There are already 200 miles of bike lanes in the city, but some say that is not enough.
"The number of people bike commuting in the city has grown tremendously," Leah Shahum, executive director of the San Francisco Bicycle Coalition, said.
The 10,000 member strong non-profit is advocating for people to get out of their cars and onto bikes.
"We know what will help them bike more: safer conditions, more inviting conditions, better bike parking, more bike lanes and the city has an obligation and I think a real commitment to make those improvements," Shahum said.
In 2007, the city's Metropolitan Transportation Authority released its plan. The 527-page document outlined 240 places where the city wanted to make changes and boost bike ridership. It included miles of new bike lanes and better bike parking.
But in some cases, it meant eliminating traffic lanes and street parking.
That did not sit well with resident Rob Anderson, who feels that cars are a fact of life in the city and essential to the city's tourism industry.
"The cars are already here; there are 460,000 registered motor vehicles in San Francisco alone," Anderson said.
Anderson put the brakes on the city's bike plan with a legal challenge. He claimed the bike plan violated environmental laws because an environmental review was not done.
"It's all about process, it's a process issue, first you do this, then you do that," Anderson said. "First do you do an environmental study, then you implement your project."
Anderson argued the city failed to conduct an environmental impact study required under the California Environmental Quality Act.
"Traffic is considered an impact under CEQA." Anderson said.
CEQA was passed in 1970 to ensure that developments do not have a significant impact on the environment, including traffic.
"Unfortunately, the environmental review standards are used, twisted and almost corrupted, for an anti-environment basis and that's what's happening with this lawsuit right now," Shahum said.
City attorney Dennis Herrera believes the case is not in the spirit of CEQA.
"In my opinion, the intentions and the objectives of CEQA have been perverted in this case," Herrera said.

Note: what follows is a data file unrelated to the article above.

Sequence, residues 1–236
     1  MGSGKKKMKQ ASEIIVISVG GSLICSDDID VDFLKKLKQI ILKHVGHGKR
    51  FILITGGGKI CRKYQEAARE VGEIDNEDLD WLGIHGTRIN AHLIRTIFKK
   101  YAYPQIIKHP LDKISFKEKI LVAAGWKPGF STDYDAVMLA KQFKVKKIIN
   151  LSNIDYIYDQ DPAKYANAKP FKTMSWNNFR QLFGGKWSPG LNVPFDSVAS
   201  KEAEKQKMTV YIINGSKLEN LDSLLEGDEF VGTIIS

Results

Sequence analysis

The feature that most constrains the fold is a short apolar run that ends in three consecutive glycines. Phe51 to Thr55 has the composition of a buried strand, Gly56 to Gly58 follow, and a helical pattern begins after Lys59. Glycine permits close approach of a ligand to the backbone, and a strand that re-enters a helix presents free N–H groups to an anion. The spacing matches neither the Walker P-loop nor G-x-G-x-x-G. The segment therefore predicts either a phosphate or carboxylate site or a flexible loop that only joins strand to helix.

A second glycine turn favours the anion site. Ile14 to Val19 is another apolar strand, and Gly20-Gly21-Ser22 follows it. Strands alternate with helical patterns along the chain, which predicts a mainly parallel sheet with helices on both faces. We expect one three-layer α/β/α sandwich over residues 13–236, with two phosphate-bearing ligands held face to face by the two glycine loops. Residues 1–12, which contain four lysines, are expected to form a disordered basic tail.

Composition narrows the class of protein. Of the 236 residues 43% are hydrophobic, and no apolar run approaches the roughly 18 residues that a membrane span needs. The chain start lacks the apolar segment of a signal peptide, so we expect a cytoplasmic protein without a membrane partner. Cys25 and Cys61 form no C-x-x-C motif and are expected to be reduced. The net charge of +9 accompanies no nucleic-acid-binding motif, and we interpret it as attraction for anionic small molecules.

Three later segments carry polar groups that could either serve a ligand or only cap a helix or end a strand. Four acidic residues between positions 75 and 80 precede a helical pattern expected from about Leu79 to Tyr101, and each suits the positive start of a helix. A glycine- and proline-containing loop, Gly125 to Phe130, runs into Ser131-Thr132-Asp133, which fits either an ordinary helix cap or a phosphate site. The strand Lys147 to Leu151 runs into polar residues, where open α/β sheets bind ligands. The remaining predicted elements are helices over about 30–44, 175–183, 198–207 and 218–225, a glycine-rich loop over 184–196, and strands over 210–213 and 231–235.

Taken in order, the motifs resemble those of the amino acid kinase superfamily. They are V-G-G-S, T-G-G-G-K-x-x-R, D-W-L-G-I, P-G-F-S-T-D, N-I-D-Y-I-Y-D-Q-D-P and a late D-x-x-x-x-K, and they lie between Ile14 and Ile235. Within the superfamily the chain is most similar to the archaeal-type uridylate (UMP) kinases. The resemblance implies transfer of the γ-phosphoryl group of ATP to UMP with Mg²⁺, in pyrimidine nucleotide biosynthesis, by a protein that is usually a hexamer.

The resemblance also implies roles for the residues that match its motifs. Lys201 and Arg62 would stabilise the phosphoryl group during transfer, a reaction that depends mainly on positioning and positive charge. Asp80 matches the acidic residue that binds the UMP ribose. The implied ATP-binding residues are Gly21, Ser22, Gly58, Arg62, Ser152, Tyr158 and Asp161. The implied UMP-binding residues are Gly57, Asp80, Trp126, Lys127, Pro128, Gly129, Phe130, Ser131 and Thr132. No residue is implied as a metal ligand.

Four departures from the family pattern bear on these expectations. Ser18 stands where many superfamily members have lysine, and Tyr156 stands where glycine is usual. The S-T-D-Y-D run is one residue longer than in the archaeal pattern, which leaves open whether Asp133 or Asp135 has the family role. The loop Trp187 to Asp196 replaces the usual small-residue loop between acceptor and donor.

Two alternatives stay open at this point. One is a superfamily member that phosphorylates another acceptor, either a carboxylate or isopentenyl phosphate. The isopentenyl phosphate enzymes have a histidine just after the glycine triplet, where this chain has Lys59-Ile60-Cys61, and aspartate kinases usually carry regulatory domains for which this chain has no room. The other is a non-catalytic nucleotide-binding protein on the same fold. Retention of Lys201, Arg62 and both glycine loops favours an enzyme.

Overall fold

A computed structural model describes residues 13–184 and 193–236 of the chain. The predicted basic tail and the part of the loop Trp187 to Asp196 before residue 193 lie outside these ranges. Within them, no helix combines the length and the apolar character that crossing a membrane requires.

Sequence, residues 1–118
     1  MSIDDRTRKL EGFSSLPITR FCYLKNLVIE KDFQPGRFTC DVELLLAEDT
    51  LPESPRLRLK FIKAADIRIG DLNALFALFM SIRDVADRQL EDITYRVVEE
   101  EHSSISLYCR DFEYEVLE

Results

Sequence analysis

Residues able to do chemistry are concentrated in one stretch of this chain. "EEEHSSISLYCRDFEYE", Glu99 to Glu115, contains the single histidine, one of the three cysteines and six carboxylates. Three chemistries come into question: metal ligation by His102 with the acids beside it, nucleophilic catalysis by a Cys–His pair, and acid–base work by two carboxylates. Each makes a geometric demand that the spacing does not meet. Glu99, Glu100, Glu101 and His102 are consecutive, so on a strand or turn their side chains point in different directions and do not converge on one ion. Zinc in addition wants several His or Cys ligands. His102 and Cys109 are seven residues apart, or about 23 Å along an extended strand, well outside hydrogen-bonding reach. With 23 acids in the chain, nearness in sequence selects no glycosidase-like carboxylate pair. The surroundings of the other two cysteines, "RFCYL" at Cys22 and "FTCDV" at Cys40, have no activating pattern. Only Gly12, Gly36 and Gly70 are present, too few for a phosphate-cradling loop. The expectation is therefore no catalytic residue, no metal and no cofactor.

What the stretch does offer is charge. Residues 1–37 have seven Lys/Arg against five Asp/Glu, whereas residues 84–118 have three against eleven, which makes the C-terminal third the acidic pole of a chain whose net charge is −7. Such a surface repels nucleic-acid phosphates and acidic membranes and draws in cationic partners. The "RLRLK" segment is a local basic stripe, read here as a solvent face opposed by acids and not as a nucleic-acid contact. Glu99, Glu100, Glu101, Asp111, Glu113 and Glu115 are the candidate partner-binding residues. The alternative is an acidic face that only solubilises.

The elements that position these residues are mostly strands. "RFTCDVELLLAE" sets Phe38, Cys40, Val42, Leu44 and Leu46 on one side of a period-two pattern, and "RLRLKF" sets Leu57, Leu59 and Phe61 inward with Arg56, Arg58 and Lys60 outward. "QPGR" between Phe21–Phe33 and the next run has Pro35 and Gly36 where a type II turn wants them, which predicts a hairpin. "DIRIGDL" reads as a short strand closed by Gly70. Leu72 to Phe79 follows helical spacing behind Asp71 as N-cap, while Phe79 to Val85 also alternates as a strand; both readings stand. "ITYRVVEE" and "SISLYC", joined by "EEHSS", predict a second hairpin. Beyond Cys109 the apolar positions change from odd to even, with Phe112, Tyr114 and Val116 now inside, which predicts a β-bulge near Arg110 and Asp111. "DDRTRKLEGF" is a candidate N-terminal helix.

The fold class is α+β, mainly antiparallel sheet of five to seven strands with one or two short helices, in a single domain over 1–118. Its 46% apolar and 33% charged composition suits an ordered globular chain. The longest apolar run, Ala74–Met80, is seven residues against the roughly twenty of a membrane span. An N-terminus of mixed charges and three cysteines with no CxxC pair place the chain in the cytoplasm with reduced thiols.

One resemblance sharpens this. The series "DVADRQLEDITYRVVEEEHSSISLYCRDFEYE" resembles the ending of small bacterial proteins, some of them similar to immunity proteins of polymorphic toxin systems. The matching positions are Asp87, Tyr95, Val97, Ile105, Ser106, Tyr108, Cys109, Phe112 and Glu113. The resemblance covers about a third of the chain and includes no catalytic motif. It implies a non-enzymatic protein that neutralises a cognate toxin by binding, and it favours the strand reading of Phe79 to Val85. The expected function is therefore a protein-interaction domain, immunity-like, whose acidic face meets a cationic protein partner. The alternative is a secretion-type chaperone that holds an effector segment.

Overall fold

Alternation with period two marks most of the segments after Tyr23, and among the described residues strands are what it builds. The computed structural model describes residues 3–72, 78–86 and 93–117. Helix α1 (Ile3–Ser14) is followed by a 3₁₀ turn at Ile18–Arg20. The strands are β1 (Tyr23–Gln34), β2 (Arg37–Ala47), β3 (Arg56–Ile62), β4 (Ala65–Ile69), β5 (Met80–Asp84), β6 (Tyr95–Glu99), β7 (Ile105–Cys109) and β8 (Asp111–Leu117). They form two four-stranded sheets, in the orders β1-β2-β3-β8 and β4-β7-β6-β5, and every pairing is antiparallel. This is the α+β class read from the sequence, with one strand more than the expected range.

Herrera's office argued the environmental review was unnecessary in this case because cars are harmful to the environment and getting them off the road could only benefit the planet.
In late 2006, a superior court judge stopped the bike plan in its tracks and ordered the city to complete an environmental review.
"Right now that is something that is being done so that we can make sure that we implement a bike plan that meets the needs of San Francisco as soon as possible and one that's environmentally sensitive," Herrera said.
The city anticipates some early results of the environmental study later this month.
"There is no environmental impact report that's been done quite like this in the state of California," MTA bike program manager Oliver Gajda said.
Despite all the legal wrangling, the environmental impact study will show that there is little impact on the traffic environment because the plan calls for adding bike lanes on less traveled streets, Gajda said.
"When the injunction's lifted we will actually come out with more projects than perhaps we would have had we not had the injunction," Gajda said.
That is good news to bikers who say they have waiter two years too long for a bike plan.
"I think it's really ironic that someone was able to stop bicycle safety improvements on the grounds that it might hurt the environment," Shahum said.
Anderson has no regrets.
"I think I did San Francisco a public service by slowing the process down, and forcing the city to do the legal thing and the right thing and to do a thorough study," Anderson said.
Anderson can live with the outcome, provided the city followed the rules.
Written and produced by Ken Miguel.